Edit: Resolved. Decorative brick is actually a chase and doesn’t need to be completely filled in. Thanks to @[email protected] for advice on rebuilding the crown.

I have a double sided wood burning brick fireplace which is honestly just a big collection of code violations. It was converted to propane shortly after – I’m assuming – the people who built the house 50 years ago discovered that it smoked badly in the house. I fixed all the major issues with the firebox and smoke chamber and converted it back to wood burning this past winter.

I had a new steel cap fabricated to replace the old brick and concrete cap, which I removed. During this process, I discovered that the brick is basically just a facade. There are huge gaps on either side of the flues which are encased in 4" cinder blocks. My understanding of fire code (at least in the US) for masonry fireplaces is that the material surrounding the flue is not permitted to have any gaps in it. NFPA says all gaps in the brick should be filled with mortar. However, I’m not sure what to do with a gap this large. I’m not sure if filling it with mortar or concrete is an option. I’ve considered installing a steel flue liner but those are expensive and there are two flues. I’m also concerned about steel liners changing the draft characteristics since the chimney is on the short side.

If money were no object, I would tear this thing out and put a more efficient steel insert in but that is cost prohibitive.

Anyone have any experience fixing something like this?

  • @[email protected]
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    2 months ago

    I think you’re okay here – the code requirement about solid or fully-grouted blocks applies to the masonry supporting the flue liner. What you’re looking at in the photo is a decorative brick wrap around the structural portion of the chimney. My main concern would be to ensure that this area is properly capped and sealed so that critters and rainwater can’t get into the cavity and find their way further into your home.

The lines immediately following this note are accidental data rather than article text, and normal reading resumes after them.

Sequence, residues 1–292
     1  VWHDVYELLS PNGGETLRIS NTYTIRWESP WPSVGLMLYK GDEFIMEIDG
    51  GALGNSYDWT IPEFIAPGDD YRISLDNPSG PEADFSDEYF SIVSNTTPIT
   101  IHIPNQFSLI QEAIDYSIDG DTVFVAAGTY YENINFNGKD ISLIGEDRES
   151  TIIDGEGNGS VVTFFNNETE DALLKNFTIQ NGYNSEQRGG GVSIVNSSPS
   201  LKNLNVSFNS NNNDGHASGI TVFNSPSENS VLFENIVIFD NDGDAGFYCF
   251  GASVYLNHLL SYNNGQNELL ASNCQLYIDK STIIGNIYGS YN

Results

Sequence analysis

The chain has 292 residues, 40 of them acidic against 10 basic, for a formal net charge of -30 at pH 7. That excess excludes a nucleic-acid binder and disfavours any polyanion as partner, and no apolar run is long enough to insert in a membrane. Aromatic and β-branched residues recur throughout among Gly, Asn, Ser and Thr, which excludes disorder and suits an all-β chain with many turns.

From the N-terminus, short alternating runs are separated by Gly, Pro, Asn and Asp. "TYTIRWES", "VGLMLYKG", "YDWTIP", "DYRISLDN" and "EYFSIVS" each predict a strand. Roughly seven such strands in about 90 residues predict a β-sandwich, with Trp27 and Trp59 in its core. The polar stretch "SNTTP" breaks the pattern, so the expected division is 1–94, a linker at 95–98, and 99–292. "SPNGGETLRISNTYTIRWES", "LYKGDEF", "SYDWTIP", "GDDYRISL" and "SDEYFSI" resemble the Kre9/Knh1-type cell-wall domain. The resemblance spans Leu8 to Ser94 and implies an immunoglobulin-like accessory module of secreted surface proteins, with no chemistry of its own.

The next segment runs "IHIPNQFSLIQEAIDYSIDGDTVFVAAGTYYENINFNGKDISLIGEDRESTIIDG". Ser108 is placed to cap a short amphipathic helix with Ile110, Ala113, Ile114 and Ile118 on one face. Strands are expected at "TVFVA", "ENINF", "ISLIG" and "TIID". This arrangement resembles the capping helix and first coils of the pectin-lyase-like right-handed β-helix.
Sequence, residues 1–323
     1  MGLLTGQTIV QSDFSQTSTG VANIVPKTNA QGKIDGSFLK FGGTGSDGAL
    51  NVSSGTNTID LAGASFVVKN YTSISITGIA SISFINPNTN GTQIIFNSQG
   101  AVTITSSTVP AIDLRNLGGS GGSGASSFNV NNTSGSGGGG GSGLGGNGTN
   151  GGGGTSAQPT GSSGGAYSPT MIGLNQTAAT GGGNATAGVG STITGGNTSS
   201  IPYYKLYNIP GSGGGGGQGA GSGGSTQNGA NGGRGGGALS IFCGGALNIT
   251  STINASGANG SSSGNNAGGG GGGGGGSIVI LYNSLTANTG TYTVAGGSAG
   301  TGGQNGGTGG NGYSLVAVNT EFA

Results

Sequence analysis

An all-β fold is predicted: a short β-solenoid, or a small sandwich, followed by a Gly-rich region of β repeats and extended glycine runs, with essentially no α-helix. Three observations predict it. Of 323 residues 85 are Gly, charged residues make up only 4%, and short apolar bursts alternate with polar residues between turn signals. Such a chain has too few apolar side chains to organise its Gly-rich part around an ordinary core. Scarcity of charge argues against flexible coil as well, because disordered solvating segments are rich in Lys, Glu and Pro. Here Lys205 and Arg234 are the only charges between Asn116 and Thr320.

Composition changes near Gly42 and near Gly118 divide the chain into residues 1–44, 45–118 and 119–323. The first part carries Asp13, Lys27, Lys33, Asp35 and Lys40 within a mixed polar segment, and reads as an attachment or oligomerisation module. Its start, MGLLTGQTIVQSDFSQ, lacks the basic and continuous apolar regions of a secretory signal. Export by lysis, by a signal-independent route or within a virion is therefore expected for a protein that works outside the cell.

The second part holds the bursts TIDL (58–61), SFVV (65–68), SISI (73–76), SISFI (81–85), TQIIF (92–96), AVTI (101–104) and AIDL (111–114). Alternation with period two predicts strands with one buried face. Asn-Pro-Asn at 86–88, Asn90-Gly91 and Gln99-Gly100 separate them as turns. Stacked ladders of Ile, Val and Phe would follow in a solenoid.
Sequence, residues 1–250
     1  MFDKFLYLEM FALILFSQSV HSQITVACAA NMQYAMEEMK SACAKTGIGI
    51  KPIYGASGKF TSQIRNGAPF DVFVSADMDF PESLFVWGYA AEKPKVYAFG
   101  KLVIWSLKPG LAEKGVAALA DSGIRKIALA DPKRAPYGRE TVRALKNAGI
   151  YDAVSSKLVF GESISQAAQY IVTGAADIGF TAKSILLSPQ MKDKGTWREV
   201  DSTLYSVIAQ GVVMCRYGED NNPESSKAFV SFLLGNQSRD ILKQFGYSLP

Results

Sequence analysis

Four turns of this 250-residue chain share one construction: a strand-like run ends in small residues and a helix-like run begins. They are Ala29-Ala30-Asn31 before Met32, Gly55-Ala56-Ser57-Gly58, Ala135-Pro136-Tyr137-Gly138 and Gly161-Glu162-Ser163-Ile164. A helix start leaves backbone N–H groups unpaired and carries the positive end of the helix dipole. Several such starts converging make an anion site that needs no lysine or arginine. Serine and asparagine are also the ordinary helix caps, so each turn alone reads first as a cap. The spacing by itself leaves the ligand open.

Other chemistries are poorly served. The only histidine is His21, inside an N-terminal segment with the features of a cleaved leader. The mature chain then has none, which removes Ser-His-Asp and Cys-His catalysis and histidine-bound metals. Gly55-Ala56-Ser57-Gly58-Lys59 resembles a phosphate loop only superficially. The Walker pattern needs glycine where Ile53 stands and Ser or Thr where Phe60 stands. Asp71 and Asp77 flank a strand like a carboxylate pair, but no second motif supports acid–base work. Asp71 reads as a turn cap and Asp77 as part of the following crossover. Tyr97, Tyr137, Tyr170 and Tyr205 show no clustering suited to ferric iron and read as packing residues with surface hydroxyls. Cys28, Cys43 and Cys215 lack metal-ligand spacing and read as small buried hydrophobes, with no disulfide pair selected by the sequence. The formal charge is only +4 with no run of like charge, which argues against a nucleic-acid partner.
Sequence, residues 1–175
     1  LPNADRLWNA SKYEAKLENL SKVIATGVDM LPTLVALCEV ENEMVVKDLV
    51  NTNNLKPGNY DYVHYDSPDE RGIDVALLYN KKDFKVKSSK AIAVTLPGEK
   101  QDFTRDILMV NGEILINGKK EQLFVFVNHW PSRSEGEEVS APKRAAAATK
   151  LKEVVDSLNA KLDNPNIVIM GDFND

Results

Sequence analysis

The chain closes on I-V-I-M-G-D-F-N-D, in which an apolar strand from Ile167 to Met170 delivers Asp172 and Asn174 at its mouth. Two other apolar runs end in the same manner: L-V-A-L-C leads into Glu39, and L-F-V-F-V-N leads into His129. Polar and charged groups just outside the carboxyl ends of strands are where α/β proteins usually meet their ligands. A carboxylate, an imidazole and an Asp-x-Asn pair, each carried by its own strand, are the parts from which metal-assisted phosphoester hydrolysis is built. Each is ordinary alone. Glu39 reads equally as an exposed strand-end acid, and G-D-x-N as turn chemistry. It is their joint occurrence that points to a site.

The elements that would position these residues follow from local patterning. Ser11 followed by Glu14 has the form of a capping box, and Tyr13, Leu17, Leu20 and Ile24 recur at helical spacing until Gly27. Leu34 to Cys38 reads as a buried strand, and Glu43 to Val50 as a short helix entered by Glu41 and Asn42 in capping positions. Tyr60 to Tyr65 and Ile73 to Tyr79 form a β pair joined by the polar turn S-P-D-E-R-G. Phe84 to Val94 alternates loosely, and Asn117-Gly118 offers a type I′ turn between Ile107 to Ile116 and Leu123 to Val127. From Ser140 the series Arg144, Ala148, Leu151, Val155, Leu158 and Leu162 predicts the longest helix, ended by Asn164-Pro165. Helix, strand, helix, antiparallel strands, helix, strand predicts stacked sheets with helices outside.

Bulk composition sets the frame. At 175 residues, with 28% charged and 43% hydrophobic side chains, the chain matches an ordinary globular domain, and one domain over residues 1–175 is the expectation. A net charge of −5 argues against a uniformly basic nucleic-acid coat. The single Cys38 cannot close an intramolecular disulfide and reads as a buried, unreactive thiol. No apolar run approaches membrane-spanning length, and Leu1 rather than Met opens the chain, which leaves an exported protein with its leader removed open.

• @jubilationtcornponeOP
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      72 months ago

      I hadn’t thought of it that way. I suppose the decorative brick could be just considered a chase. I haven’t been able to find any similar examples so I wasn’t quite sure what I was looking at.

    • @[email protected]
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      22 months ago

      The left side flue was appropriate when it was built with a closed chase supporting the flue tiles. The right side has no flue tiles and would only be acceptable like a 100 years ago.

      • @jubilationtcornponeOP
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        42 months ago

        Sorry, I suppose I should have clarified that. The right side is the “gap”. Both flues are lined with clay tiles. The left flue is not visible in the picture.

        • @[email protected]
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          22 months ago

          Does the wall dividing the gap and the flue tiles visible from the top go all the way down or does it stop after a few bricks and then just has the flue stack naked in the chase?

            • @[email protected]
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              32 months ago

              So it is basically a closed chase with brick surrounding the flue. That isn’t how it would be built today, but very common on most older homes. What you really don’t want is naked flue tiles in an open chase with no brick supporting them because they will be prone to serious failures like the tile stack collapsing.

              You don’t really need to worry about that cavity. They want the brick cores filled and adequate mortar joints in the brick, not dry set(no mortar).

              Construct a new crown to seal off the chase and extend the flue tiles by about 6" off the top of the new crown. There is a chance of a cross breeze pulling smoke down the adjacent flue, but there are a few factors that can cause that and I would need a few photos of the whole picture to have a decent idea if that could be an issue.

              • @jubilationtcornponeOP
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                22 months ago

                That makes me feel better. There was no crown initially. The flue tiles terminated flush with the brick inside the chimney cap. The old cap made cleaning and inspecting the flues difficult. It also had a fair bit of water damage.

                What would I use as a base for the new crown?

                • @[email protected]
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                  32 months ago

                  Yeah, those suck. Good call on ripping it off.